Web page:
Karol Galanciak - Ruby on Rails developer from Poland

When Validation Is Not Enough: PostgreSQL Triggers for Data Integrity

Is validation in your models or form objects enough to ensure integrity of the data? Well, seems like you can’t really persist a record when the data is not valid unless you intentionally try to bypass validation using save: false option when calling save or using update_column. What about uniqueness validation? A classic example would be a unique email per user. To make sure the email is truly unique we could add a unique index in database - not only would it prevent saving non-unique users when bypassing validation, but also it would raise extra error when 2 concurrent requests would attempt to save user with the same email. However, some validations are more complex that ensuring a value is unique and index won’t really help much. Fortunately, PostgreSQL is powerful enough to provide a perfect solution to such problem. Time to meet your new friend: PostgreSQL triggers.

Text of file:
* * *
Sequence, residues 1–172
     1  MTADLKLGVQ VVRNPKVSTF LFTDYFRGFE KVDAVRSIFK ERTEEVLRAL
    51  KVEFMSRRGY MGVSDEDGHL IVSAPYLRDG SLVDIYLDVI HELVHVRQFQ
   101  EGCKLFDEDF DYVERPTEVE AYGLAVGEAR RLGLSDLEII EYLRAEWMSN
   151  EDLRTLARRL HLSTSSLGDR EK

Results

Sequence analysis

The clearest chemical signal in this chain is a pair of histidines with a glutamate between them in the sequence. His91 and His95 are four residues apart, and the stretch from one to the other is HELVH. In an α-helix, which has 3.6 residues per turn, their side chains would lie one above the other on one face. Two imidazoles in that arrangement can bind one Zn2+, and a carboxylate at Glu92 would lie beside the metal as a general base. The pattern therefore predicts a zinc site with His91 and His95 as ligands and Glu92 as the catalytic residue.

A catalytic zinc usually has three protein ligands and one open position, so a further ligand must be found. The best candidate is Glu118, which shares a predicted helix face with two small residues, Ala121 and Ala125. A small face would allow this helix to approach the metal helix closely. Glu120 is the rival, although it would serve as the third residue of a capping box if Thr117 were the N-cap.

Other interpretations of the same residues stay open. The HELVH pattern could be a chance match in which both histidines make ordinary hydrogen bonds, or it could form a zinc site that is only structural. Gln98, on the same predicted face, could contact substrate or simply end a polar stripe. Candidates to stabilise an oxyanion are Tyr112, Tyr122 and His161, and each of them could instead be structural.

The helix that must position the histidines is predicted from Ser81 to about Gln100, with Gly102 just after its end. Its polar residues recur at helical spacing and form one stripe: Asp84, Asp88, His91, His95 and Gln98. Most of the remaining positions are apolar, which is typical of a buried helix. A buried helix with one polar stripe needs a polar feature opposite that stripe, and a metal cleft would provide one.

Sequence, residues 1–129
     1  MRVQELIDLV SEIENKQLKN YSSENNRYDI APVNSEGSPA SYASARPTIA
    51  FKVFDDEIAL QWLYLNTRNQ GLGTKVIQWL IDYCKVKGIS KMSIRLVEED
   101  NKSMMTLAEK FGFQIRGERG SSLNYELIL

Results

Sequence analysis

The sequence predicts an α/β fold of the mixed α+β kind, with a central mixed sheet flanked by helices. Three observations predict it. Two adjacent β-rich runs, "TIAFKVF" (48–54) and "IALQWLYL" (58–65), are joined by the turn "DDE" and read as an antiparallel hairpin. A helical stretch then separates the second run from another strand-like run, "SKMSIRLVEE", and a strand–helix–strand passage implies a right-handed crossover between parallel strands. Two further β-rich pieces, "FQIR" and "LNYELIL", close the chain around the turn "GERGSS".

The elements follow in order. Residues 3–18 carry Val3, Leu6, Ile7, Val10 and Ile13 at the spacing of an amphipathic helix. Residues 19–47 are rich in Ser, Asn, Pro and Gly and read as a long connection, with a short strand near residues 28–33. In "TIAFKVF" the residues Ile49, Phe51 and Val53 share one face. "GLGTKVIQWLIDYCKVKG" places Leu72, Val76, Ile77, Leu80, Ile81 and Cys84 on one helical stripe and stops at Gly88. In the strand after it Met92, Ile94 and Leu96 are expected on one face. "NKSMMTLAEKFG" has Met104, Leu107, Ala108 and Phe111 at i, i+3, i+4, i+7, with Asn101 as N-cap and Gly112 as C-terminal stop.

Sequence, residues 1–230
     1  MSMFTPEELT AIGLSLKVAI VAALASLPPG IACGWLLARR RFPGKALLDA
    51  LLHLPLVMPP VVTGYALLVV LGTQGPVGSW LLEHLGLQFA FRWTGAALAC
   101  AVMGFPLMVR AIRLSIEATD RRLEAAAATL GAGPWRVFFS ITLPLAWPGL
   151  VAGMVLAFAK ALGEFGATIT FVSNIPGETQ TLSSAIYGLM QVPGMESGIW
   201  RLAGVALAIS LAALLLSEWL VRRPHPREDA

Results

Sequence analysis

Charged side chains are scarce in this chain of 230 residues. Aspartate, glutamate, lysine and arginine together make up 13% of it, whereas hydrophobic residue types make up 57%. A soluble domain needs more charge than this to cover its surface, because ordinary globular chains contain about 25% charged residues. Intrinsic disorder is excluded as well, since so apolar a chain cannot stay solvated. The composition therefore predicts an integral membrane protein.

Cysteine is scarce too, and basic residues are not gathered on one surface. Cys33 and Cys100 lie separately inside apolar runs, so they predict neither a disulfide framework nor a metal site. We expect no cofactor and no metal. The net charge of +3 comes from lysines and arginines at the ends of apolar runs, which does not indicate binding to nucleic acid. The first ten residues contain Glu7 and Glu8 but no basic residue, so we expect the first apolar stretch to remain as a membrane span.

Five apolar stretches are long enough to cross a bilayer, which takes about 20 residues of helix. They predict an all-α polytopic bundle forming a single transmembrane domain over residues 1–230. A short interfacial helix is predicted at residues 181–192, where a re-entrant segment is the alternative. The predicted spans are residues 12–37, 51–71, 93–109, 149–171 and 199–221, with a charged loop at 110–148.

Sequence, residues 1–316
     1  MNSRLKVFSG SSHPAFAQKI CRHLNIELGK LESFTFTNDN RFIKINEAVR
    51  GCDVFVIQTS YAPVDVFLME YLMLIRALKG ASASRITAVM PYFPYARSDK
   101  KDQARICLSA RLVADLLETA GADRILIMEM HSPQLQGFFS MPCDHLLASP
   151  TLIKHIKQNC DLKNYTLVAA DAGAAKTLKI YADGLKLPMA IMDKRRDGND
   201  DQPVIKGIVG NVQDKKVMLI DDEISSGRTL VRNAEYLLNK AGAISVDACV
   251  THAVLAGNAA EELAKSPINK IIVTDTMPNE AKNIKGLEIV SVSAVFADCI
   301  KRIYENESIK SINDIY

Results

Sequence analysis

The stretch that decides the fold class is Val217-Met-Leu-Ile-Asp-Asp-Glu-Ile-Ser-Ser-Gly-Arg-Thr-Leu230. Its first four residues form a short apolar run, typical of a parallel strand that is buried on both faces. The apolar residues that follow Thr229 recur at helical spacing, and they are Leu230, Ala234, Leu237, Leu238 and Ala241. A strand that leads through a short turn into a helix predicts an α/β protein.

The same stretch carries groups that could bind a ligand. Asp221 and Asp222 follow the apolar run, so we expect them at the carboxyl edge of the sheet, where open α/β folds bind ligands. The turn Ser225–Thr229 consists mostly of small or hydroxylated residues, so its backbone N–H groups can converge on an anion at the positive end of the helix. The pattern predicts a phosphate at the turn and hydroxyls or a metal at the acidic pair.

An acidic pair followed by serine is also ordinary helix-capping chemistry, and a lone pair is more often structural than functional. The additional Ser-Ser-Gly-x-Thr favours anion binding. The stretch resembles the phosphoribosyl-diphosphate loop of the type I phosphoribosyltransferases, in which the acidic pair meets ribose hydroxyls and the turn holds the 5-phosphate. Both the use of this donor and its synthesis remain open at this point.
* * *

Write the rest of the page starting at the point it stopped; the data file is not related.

Security on Rails: Hacking Sessions With Insecure Secret Key Base

I was recently asked what is secret key base used for in Rails applications and why not secure value of it (or even worse - the public one!) creates a security issue. That was a really good question, I remember how it was a serious threat years ago, especially before introducing secrets.yml in Rails 4.1 - at that time by default secret_token initializer was generated and the secret key was directly stored there. The result was that in many open source projects secret key was publicly available creating a great security risk. Let’s take a look how exposed secret key base could be exploited.